from The American Heritage® Dictionary of the English Language, 4th Edition
- n. A commissioned rank formerly used in the U.S. Navy that was above captain and below rear admiral. Abolished in 1899, it was restored temporarily during World War II.
- n. One who holds this rank.
- n. Used as an unofficial designation for a captain in the British Navy temporarily in command of a fleet division or squadron.
- n. The senior captain of a naval squadron or merchant fleet.
- n. The presiding officer of a yacht club.
from Wiktionary, Creative Commons Attribution/Share-Alike License
- n. A naval officer holding a rank between captain and rear admiral.
- n. A (temporary) commander over a collection of ships who is not an admiral.
- n. The president of a yacht club
- n. A commodore admiral
- n. A rear admiral (lower half)
from the GNU version of the Collaborative International Dictionary of English
- n. An officer who ranks next above a captain; sometimes, by courtesy, the senior captain of a squadron. The rank of commodore corresponds with that of brigadier general in the army.
- n. A captain commanding a squadron, or a division of a fleet, or having the temporary rank of rear admiral.
- n. A title given by courtesy to the senior captain of a line of merchant vessels, and also to the chief officer of a yachting or rowing club.
- n. A familiar for the flagship, or for the principal vessel of a squadron or fleet.
from The Century Dictionary and Cyclopedia
- n. An officer in the navy next in rank below a rear-admiral and above a captain.
- n. By courtesy or by extension— The senior captain when three or more ships of war are cruising in company.
- n. The senior captain of a line of merchant vessels.
- n. The president of a yachting-club or of an organization of boat-clubs.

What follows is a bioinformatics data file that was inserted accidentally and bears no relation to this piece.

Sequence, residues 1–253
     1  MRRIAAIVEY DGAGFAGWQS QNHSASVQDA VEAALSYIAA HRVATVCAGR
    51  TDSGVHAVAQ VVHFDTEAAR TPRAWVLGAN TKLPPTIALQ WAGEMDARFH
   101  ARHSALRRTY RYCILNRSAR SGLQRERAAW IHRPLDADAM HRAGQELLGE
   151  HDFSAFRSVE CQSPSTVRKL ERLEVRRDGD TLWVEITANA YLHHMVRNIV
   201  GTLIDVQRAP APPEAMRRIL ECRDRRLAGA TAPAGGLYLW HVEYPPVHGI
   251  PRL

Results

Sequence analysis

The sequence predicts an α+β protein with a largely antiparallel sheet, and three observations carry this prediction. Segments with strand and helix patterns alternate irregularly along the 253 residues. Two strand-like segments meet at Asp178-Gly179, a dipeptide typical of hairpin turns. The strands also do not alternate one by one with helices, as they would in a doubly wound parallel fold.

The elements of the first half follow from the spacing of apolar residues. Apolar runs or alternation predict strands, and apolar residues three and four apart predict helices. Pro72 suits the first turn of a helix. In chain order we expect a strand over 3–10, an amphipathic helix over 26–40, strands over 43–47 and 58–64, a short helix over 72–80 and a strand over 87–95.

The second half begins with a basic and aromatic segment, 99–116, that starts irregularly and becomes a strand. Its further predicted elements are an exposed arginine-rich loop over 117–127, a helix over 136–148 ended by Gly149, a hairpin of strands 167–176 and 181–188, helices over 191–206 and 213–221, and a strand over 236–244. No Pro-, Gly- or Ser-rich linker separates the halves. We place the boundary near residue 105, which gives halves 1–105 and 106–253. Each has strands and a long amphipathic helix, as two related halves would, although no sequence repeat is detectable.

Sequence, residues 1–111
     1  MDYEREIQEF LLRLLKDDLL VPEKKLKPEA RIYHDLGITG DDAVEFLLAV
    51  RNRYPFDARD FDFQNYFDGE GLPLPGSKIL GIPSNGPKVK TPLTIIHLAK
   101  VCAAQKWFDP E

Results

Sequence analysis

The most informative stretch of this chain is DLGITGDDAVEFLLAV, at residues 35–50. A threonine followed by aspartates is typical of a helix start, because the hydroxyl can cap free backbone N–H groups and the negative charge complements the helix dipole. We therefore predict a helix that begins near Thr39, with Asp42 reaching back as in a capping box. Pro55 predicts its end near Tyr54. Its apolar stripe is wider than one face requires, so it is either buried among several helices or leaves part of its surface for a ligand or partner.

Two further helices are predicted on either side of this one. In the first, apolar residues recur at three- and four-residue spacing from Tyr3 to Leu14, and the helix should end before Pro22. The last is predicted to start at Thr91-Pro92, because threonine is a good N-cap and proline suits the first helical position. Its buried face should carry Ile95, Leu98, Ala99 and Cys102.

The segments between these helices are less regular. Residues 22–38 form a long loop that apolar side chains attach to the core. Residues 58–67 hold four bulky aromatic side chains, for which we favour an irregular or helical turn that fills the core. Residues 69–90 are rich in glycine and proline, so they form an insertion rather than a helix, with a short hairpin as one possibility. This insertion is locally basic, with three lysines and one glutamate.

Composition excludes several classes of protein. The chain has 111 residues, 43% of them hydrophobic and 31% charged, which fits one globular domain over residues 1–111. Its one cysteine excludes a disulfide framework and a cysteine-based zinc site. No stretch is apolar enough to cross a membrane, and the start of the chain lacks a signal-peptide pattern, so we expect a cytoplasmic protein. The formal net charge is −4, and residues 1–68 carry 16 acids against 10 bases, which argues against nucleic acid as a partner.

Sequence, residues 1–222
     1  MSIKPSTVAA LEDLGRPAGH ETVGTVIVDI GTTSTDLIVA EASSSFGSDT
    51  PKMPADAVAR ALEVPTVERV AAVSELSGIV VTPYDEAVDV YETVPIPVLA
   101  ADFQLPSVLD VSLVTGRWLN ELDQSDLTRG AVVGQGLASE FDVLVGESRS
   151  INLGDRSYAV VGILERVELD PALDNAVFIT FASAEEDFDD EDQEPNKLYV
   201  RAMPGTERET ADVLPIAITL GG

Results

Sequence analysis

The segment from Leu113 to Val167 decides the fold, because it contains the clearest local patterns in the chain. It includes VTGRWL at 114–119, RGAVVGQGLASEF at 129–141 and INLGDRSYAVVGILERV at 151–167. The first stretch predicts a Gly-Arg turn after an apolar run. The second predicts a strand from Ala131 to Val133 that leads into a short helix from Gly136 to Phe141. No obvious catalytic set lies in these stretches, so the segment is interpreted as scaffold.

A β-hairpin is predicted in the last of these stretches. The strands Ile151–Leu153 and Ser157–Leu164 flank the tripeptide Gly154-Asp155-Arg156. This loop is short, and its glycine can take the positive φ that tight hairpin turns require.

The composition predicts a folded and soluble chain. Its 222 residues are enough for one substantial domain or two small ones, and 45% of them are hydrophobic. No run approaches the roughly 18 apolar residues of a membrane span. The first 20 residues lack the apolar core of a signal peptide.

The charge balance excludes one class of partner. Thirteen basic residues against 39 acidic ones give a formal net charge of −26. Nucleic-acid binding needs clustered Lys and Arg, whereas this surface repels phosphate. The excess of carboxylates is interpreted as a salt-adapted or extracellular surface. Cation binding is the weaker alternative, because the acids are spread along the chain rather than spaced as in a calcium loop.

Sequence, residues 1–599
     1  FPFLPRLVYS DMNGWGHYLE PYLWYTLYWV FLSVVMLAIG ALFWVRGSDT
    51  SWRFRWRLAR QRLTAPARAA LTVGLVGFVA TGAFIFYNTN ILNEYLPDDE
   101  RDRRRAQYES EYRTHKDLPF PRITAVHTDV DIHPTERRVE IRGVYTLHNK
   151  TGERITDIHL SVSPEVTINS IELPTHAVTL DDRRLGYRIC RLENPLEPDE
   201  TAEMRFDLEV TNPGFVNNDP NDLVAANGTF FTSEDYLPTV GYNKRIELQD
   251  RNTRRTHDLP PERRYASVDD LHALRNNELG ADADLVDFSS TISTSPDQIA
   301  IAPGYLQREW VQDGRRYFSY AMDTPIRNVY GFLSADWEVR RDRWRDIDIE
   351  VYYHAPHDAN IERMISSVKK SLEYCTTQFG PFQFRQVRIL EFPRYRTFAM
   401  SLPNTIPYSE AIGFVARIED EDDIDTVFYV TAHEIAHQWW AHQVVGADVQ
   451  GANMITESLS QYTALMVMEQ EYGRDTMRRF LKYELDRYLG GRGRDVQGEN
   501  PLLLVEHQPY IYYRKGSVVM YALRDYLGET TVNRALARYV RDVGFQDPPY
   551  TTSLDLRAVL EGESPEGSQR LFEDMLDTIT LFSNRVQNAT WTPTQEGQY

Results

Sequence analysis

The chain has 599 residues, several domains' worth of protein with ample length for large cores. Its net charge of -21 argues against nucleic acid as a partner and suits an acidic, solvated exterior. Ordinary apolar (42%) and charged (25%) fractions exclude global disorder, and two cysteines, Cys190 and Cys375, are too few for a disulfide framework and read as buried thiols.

- n. The convoy or leading ship in a fleet of merchantmen, which carries a light in her top to conduct the other ships.
from WordNet 3.0 Copyright 2006 by Princeton University. All rights reserved.
- n. a commissioned naval officer who ranks above a captain and below a rear admiral; the lowest grade of admiral
September, 1855, he had been promoted to the rank of captain, which, prior to the Civil War, was the highest grade in the United States Navy; the title commodore, then so frequently applied to the older officers of the service, being simply one of courtesy given to a captain who had commanded a squadron of several vessels, but who did not thereby cease to be borne as a captain upon the Navy Register.
The commodore was a big man, tall and broad-shouldered, and his ex-wife had been fond of telling him that his “aura” frequently preceded him, even through a closed door.
Now, Captain, you must call the commodore, or whoever else you feel you must consult about this matter, and see to it that whatever ‘security measures’ are required are put swiftly in place—for I will not linger here another two days while that slander on my crew lies smarting in my mind, and those who committed it sit about congratulating themselves.
The commodore was a man of medium height, slender, with hair so blond it was almost white.
"We'll be back in half an hour," called the commodore, as they rowed away from the schooner.
One of the ships, King records, "wore a CHEF D'ESCADRE'S pennant," that is, a commodore's.
For I knowed the commodore was the lad t 'string 'em to the yard-arm an' he had the say on it.
"I didn't know anybody but my father was called commodore!"
Burning with rage and trembling with nervous exhaustion, he barely saved himself from lunging into two men of slight stature who had just come from a neighboring state-room: a slender old man leaning feebly on a thick-set youth, whom one flash of his eye identified as the commodore and Hugh, though as they passed toward the stair they betrayed no sign that they had observed him.
For a short period in the early 1980s, the rank of O-7 was called commodore admiral, before the title was reverted back to the senior captains, and the grade of O-7 changed to